Career counseling is the methods by which you explain the career development process and help the employee identify career goals and career plans. Career development begins with and success depends on effective career counseling. Career counseling focuses on the employee’s career goals and the preparation of career plans consistent with the organization’s future staffing needs. Career counseling should lead to a career plan that identifies the employee’s short-term and long-term career goals and subsequently the training and development needed to achieve those goals, and the range of career options to provide flexibility for growth and development.
Counseling should be directed at getting the right people trained and developed at the right time to fill organization’s staffing needs. All employees covered by a career program are to be offered career counseling at least once a year, or when requested by the employee to assist in developing realistic career plans (Baruch, 2006). Career counseling should be a continuous process that meets the continuing needs of employees. Effective career counseling is dependent on your knowledge of the career management system.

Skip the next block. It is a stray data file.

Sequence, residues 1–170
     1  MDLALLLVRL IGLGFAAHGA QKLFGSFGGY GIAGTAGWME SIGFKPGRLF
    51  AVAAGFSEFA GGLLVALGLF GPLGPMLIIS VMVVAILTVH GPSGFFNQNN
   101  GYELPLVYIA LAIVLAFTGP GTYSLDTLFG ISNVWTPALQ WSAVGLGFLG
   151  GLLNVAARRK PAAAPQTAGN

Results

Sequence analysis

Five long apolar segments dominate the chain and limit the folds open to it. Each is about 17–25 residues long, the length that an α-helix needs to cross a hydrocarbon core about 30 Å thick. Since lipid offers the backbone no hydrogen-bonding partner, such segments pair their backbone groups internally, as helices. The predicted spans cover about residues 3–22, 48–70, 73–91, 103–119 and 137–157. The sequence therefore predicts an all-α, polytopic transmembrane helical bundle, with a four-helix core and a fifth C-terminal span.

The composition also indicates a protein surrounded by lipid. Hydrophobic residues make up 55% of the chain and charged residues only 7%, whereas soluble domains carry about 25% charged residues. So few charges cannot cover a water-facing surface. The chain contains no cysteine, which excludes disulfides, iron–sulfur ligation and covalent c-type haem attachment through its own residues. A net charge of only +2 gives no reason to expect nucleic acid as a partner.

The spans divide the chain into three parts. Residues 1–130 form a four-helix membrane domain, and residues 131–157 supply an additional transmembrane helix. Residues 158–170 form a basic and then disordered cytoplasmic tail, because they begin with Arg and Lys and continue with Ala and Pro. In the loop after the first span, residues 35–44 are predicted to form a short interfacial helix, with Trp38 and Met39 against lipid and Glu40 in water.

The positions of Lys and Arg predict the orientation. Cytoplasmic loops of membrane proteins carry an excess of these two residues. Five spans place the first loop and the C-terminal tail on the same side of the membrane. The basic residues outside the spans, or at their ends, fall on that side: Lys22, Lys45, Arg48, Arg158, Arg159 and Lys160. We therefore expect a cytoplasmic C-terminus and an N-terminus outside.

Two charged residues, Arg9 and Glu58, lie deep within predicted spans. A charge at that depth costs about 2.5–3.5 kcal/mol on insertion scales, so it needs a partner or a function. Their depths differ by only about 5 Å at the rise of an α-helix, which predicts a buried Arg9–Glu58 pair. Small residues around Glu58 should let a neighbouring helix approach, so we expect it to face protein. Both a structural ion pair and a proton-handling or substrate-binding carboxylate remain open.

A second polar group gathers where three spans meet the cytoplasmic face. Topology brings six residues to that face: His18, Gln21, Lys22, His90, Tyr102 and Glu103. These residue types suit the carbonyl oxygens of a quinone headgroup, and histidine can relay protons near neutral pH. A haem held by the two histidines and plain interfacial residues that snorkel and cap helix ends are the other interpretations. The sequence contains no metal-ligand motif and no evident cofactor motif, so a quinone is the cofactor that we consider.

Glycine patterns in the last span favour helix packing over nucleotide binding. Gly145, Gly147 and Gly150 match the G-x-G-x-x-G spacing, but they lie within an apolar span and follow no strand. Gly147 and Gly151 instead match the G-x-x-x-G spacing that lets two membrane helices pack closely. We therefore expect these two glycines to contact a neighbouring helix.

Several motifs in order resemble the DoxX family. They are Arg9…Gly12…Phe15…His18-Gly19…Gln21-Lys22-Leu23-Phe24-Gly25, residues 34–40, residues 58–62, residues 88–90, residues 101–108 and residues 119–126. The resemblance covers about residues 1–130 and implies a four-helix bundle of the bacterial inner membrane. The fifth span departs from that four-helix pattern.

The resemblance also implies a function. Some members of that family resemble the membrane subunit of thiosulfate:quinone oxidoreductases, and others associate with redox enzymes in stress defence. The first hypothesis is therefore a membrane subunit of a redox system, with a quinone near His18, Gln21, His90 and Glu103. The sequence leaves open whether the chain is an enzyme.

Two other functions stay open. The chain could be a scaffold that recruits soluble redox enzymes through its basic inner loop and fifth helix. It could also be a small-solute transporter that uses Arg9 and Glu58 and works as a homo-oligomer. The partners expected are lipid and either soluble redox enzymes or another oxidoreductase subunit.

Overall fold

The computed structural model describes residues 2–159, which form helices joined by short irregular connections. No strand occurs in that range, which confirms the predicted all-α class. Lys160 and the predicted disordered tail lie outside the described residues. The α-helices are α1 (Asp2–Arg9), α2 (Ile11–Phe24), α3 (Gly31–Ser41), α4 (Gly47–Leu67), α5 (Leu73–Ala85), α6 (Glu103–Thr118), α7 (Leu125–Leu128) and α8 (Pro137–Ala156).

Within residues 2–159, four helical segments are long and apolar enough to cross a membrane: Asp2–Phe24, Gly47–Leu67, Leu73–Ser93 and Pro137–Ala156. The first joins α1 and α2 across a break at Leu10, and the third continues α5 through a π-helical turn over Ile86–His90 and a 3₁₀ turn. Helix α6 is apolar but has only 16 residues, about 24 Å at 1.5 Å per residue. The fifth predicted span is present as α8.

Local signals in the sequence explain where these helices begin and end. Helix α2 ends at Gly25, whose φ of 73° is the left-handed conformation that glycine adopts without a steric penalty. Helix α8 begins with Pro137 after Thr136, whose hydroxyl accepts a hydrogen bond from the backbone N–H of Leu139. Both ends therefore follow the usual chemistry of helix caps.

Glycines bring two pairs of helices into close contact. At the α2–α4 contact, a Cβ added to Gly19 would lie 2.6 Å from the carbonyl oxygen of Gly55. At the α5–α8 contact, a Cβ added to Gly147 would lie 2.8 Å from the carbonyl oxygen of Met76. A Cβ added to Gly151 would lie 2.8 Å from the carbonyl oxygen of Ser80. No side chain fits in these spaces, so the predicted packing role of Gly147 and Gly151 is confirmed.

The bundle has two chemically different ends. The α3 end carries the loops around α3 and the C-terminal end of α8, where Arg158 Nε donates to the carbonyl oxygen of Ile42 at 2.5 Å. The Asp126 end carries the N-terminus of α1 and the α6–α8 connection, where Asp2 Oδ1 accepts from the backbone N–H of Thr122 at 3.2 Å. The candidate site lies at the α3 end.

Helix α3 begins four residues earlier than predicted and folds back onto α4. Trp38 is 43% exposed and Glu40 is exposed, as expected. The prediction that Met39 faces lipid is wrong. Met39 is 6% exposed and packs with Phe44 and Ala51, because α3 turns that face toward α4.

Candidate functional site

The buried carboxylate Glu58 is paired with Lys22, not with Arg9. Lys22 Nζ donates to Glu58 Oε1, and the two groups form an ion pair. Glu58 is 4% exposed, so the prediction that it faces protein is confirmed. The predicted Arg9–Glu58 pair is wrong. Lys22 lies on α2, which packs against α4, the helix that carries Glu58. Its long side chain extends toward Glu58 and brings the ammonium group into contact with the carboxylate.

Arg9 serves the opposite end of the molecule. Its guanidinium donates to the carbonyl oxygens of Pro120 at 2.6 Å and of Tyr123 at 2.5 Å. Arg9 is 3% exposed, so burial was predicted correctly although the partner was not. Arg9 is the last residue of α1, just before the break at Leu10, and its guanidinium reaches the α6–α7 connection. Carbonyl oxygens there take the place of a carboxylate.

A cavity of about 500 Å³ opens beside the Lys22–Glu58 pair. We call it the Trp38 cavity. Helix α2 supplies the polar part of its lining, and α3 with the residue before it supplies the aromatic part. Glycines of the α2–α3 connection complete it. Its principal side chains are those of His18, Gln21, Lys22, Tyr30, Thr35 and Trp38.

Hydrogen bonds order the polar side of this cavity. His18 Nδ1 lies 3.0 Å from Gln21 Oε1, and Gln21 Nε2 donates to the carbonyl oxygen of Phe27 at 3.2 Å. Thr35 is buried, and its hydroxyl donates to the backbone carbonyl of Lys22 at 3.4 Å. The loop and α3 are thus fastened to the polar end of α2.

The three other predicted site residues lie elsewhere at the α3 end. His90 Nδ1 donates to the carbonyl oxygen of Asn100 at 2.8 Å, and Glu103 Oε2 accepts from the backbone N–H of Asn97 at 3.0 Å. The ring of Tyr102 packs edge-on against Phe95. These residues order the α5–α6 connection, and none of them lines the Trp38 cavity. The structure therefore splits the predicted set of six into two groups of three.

Experts describe coaching as “on-the-job training.” On the contrary it’s a very special kind of training. It’s not what a co-worker might do when showing someone how the database is set up. It’s different from managing, too; it’s less about directing the work and more about helping someone succeed in their plans and goals, it’s about evoking Excellence in others, “it’s a way of working with people that leaves them more competent and more fulfilled so that they are more able to contribute to their organizations and find meaning in what they are doing (Snell and Bohlander, 2008).
Coaching is about building relationships and that takes time. For coaching to work well, it has to happen regularly. It’s important to remember to spend as much time coaching strong employees as weaker ones. Sometimes managers wind up concentrating on the employee who need remedial attention to the detriment of stronger performers who don’t seem to need any help. Managers must meet often with all the people they manage; individually and as a team so as to establish trusting relationships. These may be unplanned meetings to discuss a specific problem that has come up on a project or more formal sessions that are scheduled head of time (Dessler, 2005).